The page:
Register here
Upon registration, participants will receive a zoom link.

If you are unable to attend, but would like to provide feedback, please contact Tamara Ranger: Tamara.Ranger@Maine.Gov or Emily Doughty at Emily.Doughty@Maine.Gov

Maine DOE to Host Focus Groups for New Educators

Are you a first or second year educator (teacher, administrator, education technician)?  If so, thank you–AND we would love to hear from you!

Please join us at one of our virtual New Educator Focus Groups (June 17 6:00 – 7:00 pm or June 23, 9:00 – 10:00 am). Upon registration, participants will receive a Zoom link.

This will be an opportunity for you to connect with other new educators throughout Maine, to share challenges and successes, and for us to celebrate you! As a new educator during these unprecedent school years, your experiences are invaluable and will help inform our ongoing educator recruitment and retention efforts! If you plan to attend, please complete and submit the registration form for the date that works best for you.

June 17th Focus Group
6:00 – 7:00 pm
Register here
Upon registration, participants will receive a zoom link.
June 23rd Focus Group
9:00 – 10:00 am
Register here
Upon registration, participants will receive a zoom link.

Questions? Please contact Tamara Ranger: Tamara.Ranger@Maine.Gov or Emily Doughty at Emily.Doughty@Maine.Gov

A Letter to America’s Teachers from Secretary Cardona

I never could predict what might happen in Mr. O’Neil’s art classes; I just knew I couldn’t wait for the next assignment.  Back then I didn’t realize all the ways this dynamic educator, a rare man of color leading our diverse classroom of second graders, was serving as a pioneer and role model for me and my peers in John Barry Elementary School.  But I’ll never forget how his teaching made me feel.  As a second grader, I remember looking up — watching him encourage, challenge and guide us – and thinking: “I want to be like him.”

In the years since embracing that calling and starting my career as a classroom teacher, I’ve kept that sense of purpose and wonder.  And my goal in all the administrative roles I’ve held is to facilitate great teaching and learning: to support and expand the transformative impact that skilled, caring classroom teachers have for students, schools, and communities.

Every day America’s teachers change lives, and every day those lives change the world.

Now, this truth can seem to recede as you rush to keep up with the day’s intense pace, and your students’ needs and opportunities.  Yet, from the first bell on the first day of the school year, you build a relationship with each of them.  You learn their strengths and struggles, laugh with them, cry with them, worry over them, cheer for them – and at the end of the school year, help them transition to their next grade level adventure.  You know all those experiences – both the academic and life lessons – have changed both you and them for the better.  You empower them to grow in skill and character — expand their understanding of the world and how to shape it — explore their interests and decide where to make their mark.

Teaching is not a job anyone just falls into.  It is mastery of a craft: in fact, the craft that enables all the others. In my experience, great teachers are also quintessential lifelong learners.  You use your command of learning science, your insights into your students’ unique needs and aptitudes, as well as the lessons of the past, the realities of the present and the inspiration, innovation and ingenuity of the future to help each new generation become leaders for today and tomorrow.  Throughout the year you support your fellow educators, add to your tools through professional development, provide feedback on assignments, sponsor sports, service learning, clubs and other extracurricular activities, collaborate with parents — in addition to everything you pour into your students during class.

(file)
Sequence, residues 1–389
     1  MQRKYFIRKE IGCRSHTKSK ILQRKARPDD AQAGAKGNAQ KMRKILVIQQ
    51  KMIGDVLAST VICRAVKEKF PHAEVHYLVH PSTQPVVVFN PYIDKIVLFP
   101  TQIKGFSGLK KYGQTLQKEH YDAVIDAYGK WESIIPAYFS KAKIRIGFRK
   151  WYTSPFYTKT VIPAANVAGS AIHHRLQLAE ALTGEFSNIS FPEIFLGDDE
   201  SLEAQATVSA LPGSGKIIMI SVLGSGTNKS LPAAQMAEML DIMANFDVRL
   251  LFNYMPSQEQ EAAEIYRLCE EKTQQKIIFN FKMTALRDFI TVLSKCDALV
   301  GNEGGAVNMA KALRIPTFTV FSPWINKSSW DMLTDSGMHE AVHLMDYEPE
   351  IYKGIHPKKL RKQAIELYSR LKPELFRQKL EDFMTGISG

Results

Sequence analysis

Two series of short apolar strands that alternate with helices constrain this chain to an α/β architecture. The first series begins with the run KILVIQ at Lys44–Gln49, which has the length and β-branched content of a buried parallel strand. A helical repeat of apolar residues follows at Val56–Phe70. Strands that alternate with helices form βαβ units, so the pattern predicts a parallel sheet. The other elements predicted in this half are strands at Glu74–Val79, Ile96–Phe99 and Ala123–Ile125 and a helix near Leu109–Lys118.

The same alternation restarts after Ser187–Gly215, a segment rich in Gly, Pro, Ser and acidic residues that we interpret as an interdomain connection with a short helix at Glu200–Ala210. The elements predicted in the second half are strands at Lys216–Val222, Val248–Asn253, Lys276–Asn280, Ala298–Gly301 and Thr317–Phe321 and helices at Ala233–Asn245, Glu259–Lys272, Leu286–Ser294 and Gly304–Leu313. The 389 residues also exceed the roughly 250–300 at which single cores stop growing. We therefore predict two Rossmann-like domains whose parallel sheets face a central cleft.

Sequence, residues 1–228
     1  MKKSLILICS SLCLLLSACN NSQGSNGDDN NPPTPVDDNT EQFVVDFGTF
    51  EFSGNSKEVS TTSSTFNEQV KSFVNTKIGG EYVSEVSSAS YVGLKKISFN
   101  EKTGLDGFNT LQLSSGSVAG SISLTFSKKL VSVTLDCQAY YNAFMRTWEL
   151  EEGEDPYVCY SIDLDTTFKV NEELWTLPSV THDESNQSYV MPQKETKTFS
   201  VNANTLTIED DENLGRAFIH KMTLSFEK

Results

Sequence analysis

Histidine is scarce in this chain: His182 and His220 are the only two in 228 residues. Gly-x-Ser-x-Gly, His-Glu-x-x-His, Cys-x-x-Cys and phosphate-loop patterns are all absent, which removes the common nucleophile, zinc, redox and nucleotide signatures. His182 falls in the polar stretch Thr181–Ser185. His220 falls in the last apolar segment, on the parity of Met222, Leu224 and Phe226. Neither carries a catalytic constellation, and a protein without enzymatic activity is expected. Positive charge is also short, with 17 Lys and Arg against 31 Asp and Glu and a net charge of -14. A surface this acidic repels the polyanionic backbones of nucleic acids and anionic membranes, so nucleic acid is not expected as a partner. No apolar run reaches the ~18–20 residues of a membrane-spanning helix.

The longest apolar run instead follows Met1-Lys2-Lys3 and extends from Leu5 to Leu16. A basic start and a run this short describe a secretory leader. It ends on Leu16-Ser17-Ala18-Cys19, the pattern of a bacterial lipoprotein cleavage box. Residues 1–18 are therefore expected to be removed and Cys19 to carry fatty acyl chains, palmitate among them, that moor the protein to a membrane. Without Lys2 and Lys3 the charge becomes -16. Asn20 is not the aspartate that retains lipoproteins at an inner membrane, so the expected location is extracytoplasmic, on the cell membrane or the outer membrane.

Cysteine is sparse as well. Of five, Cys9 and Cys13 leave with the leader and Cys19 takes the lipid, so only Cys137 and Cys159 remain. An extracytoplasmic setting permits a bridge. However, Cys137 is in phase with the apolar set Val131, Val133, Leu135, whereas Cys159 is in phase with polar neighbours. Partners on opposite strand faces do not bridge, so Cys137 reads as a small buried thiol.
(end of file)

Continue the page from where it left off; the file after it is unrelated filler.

Even in this unprecedented year, you rallied, finding new ways to engage with students.  In the face of tragedy, you learned new technologies and built virtual classroom communities, all while caring for yourselves and your own families.  As we heal, recover, and rebuild, this pandemic presents a chance to forge opportunity from crisis and reimagine education on every level.  We will use this time to address inequities in our education system, and your contributions will be invaluable.  The work won’t be easy, but the impact of your success will be profound, for students and communities.  I urge state, local, and elected officials to make sure classroom teachers have a voice in your plans and efforts to reimagine education; second to parents, they know our students best.

I look forward to learning and listening from you in the days ahead.  And, from all of us at the Department of Education: Happy Teacher Appreciation Week. There’s a reason teacher like Mr. O’Neil – and all of you – are memorable.  There’s a reason student in America’s classrooms watch you share your curiosity, energy and passion for ideas and think, “I want to be like them.”

You are embodiments of possibility, champions of your students’ potential and stewards of their success.

Dr. Miguel A. Cardona, U.S. Secretary of Education

Maine DOE Certification Team Supporting Educator Workforce

The Maine Department of Education’s Certification team is excited to report that they have held a 2-3 week processing time for more than a year, despite the heavy volume of inquiries and responses they attend to on a daily basis to manage the initial applications and renewal of educator and administrator credentials across Maine.

The transition from a hard copy paper filing and processing system to the Maine Educator Information System (MEIS) in 2018 has allowed the team to work more efficiently at assisting educators to manage their credentials completely online.

Since the start of 2021, Maine DOE’s Certification Team has received 11,000 applications for certification and issued roughly 9,000 credentials. In that same time frame they have sent 1,500 – 2,000 emails a week, assisted educators on more than 100 phone calls a day, and their support staff have been preparing roughly 1,500 documents a week for evaluators to process.

Beyond their the work of processing educator credentials, the team has also continued their 8:00am support staff training twice a week, and created a website committee that has and continues to streamline the information and ease of use on the Maine DOE’s Certification website.